Heart scans hold intermediate promise

The Family Health Guide

A debate over whether fast CT scanners should be used to go looking for "silent" heart disease still rages. These machines can detect calcium in the walls of coronary arteries, a sign of atherosclerotic plaque. Proponents claim that scans for coronary calcium save lives. Opponents argue that they do more harm than good by unnecessarily worrying people and leading to stent implantation or even bypass surgery without proven benefit.

Hardening arteries

It's been known since the 1800s that calcium is part of plaque, the buildup of cholesterol-filled pouches in the walls of arteries. However, calcium doesn't cause atherosclerosis. Instead, it is an elemental part of the body's response to a continuous cycle of inflammation, damage, and repair — a cycle fueled by high blood pressure, high cholesterol, smoking, and other "insults" to the circulatory system.

Old-fashioned x-rays can detect big buildups of calcium, but because the heart is constantly moving, they can't take clear pictures of the smaller amounts in bouncing, jouncing coronary arteries. Electron beam CT (EBCT) uses beams of electrons to bend x-rays around the body. It does this fast enough to make stop-action pictures of the heart. In 1990, Dr. Arthur Agatston (better known for writing The South Beach Diet) and his colleagues developed a scoring system for coronary calcium based on the amount of calcified plaques and their density. Scores are divided into four categories: under 10 (minimal calcium), 11 to 99 (moderate), 100 to 399 (increased), and 400 and above (extensive). These categories have been related to cardiovascular risk.

At first glance, it doesn't seem like there could be a downside to measuring coronary calcium. But it does have some drawbacks.

"While it is true that few people without calcium have heart attacks, only a small fraction of those with coronary calcium have them," says Dr. Udo Hoffmann, who codirects the cardiac imaging program at Harvard-affiliated Massachusetts General Hospital.

What's more, calcium doesn't necessarily indicate the type of plaque you need to be worried about. Vulnerable plaque — the type that is most likely to rupture and spew its contents into the bloodstream — contains little calcium.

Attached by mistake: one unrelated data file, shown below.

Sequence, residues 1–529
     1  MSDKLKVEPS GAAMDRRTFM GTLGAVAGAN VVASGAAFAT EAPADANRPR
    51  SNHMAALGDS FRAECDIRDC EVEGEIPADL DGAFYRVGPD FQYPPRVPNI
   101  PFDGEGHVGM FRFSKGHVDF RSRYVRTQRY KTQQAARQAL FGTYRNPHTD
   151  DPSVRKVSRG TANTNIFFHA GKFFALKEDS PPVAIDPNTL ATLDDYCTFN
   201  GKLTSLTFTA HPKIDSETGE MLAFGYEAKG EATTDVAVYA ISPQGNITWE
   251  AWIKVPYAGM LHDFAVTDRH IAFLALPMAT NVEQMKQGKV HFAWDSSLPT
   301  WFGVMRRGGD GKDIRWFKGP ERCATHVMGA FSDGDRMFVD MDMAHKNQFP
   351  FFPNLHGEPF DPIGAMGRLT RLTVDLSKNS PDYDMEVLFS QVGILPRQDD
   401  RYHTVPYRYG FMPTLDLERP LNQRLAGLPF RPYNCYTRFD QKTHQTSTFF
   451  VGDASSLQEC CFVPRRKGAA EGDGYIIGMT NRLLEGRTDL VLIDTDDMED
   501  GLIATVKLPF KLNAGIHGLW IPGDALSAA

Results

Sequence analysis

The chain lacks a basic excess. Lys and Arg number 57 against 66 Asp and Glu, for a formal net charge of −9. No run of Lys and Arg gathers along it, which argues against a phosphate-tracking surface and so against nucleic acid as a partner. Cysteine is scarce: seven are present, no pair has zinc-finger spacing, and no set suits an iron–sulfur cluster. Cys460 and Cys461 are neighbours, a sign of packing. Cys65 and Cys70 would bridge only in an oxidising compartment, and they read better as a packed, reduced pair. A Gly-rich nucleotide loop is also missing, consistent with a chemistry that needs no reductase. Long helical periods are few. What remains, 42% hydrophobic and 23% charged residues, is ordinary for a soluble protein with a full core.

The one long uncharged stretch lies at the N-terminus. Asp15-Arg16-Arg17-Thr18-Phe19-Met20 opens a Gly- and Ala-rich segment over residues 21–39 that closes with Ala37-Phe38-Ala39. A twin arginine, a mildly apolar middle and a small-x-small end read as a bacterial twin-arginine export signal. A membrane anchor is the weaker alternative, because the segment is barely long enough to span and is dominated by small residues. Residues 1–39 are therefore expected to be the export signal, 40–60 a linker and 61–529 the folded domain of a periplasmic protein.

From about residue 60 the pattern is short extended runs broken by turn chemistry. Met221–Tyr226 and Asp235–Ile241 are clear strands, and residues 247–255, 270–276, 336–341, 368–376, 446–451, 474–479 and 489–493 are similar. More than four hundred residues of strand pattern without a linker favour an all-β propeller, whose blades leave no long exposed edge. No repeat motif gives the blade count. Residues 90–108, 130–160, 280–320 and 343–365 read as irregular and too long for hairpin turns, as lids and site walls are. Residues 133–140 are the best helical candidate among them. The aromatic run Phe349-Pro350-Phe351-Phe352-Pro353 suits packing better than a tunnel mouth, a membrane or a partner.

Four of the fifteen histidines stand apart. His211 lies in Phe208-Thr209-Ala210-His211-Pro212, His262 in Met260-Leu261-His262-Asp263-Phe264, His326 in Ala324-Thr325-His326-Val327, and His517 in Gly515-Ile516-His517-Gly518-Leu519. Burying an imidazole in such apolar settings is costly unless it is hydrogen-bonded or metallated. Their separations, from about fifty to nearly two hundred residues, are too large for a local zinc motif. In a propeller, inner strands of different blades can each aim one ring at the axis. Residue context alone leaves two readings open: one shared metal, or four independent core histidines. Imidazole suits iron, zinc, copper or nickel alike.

One of the biggest drawbacks of the test is the problem of what to do with someone who has a positive test but no symptoms of heart disease. It almost invariably leads to an exercise stress test or an angiogram. These frequently turn up narrowed arteries (which everyone fears even though most of us have them). Such a finding in turn often leads to bypass surgery or angioplasty, which may be unnecessary.

Refining the rules

The new guidelines from the American Heart Association and American College of Cardiology still warn against checking for coronary artery calcium in people at low risk for heart disease. The new guidelines say the test might be useful for people with intermediate heart attack risk, corresponding to Framingham scores of 5% to 20% (see "Calcium and intermediate risk"). In this group, a low calcium score could calm worries about having a heart attack, while a high score could ratchet up prevention efforts such as exercising more or taking a statin.

Calcium and intermediate risk

Intermediate Framingham risk scores are a sort of gray zone — too low for very aggressive prevention efforts and too high to do nothing. A report from the Framingham Heart Study shows that in people with intermediate (5%–20%) risk, low calcium scores can be reassuring, while high scores can signal a higher-than-expected risk of having a heart attack.

Coronary artery calcium score




10-year risk of heart attack or dying of heart disease

4% (low)

13% (intermediate)

24% (high)

Not for everyone

The new guidelines on coronary artery calcium don't change our recommendation about it. If your heart disease risk is low or high, don't bother having this test. If your risk is somewhere in between and your doctor recommends getting a calcium score even though you don't have any signs or symptoms of heart disease, it's a reasonable thing to do.

But promise yourself in advance that if the scan turns up anything and you go for an angiogram that shows a narrowed coronary artery, you won't just have a stent popped in. Instead, vow to make changes that will benefit your entire circulatory system, like exercising more, losing weight, and possibly taking medications.

August 2007 update


13% (intermediate)